Part of the ‘PM+U way’ is keeping abreast of changes in our specialist sectors (retail, work space and leisure) and having a strong sense of what the future holds for the use of our properties. It is essential in understanding how we need to develop and to continue giving our clients the service they need. In essence to ensure we’re able to live up to our commitment of being a more proactive property management company. But what is the best way to identify how properties need to adapt in future?
Our Director of Innovation, Daryll Bunce, believes the simple formula is to “follow the people.” He explains this as “being really attentive to what people are doing. How are they spending their time? How are they shopping and working? What is growing in popularity?” The property owners that will thrive are those that give people what they actually want.
A major shift is people working from home and shopping locally. This may have been driven by the pandemic as a necessity, but it is clear that people do not want a future that is about routinely commuting long distances for a single reason such as shopping or work. They see what the commuter lifestyle does to their wellbeing - and the planet - and they want change. Of course the pandemic has been a terrible struggle but many have had a taste of a more convenient local lifestyle and don’t want to completely leave that behind.
“Owners who stick with the traditional approach of having a rigid definition of their building, and expecting tenants and customers to come flocking, will get left behind.“
Daryll believes the response will be the integration of different sectors within properties as people demand different uses at different times of the day. An example of how this might look could be a property accommodating a logistics collection point in the basement; a selection of offices and retail across the ground/middle floors; and perhaps residential apartments across the top level. As a result these properties start to become small communities in their own right.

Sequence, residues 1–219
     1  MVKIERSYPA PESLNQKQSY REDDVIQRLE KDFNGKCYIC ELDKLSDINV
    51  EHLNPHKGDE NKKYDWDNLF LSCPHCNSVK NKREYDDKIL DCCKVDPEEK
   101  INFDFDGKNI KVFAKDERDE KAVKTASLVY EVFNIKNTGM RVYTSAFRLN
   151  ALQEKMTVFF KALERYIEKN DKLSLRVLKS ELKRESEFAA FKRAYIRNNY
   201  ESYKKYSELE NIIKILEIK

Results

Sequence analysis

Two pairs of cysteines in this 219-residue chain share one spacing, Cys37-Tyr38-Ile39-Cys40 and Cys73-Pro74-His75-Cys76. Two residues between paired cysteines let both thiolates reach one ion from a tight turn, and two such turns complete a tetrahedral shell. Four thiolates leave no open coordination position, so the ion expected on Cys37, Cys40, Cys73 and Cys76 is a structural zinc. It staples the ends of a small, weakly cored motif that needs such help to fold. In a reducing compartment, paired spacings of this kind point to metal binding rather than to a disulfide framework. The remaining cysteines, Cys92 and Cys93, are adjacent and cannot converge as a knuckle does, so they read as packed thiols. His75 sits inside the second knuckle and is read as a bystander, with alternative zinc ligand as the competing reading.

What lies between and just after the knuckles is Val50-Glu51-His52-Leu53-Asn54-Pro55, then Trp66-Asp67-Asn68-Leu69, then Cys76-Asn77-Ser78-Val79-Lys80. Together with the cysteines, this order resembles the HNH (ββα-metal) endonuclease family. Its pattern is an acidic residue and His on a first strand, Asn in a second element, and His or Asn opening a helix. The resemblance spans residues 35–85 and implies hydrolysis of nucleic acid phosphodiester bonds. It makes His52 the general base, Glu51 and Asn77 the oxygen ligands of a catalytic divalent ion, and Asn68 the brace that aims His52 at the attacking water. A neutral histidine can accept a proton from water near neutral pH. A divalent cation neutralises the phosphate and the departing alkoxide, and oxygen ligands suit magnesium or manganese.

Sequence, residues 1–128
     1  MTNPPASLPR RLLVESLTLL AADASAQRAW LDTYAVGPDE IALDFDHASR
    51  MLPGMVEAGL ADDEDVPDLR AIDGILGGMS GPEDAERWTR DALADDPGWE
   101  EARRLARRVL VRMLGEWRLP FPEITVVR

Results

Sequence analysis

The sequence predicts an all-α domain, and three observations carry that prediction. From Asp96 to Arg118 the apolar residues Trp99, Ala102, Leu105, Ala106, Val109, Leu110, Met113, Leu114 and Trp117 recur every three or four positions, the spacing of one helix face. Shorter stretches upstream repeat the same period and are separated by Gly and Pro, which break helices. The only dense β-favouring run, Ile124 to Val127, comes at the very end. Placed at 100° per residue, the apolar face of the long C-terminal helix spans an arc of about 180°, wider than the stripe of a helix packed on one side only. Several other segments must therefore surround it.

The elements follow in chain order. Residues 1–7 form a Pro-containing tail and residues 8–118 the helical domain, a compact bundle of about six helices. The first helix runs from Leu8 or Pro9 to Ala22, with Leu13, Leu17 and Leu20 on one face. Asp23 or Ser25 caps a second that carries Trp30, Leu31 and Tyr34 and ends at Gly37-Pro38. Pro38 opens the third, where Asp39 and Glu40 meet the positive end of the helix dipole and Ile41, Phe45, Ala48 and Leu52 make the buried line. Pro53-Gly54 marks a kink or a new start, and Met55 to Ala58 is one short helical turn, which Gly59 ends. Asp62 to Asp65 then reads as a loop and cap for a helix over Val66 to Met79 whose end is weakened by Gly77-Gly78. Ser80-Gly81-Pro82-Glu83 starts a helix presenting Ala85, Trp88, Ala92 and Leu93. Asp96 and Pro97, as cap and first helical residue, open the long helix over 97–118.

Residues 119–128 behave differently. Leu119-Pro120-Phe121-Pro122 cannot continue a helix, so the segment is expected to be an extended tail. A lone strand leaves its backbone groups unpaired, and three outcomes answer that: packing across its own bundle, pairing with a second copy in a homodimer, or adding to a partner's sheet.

“A small and simple example of ‘follow the people’ is the growing trend for more greenery inside homes” Daryll continues. “People want to bring nature indoors and are enjoying curating plant life around their interior, a trend that has been much communicated by lifestyle influencers across social media. In response, we’ve seen the addition of plant nurseries in almost all of our client retail centres.”
“Property owners who stick with the traditional approach of having a rigid definition of their building, and expecting tenants and customers to come flocking, will get left behind. The starting point should be attentively investigating what people are doing, buying and demanding, and then adapting buildings in response. And then of course, to keep questioning and adapting.”
Carl Foreman, MD concludes “this means as Property Managers we need to become even more flexible and be ready to adapt with the changing nature of properties. We also need to build teams with diverse skills to manage the variety of tenants under one roof.”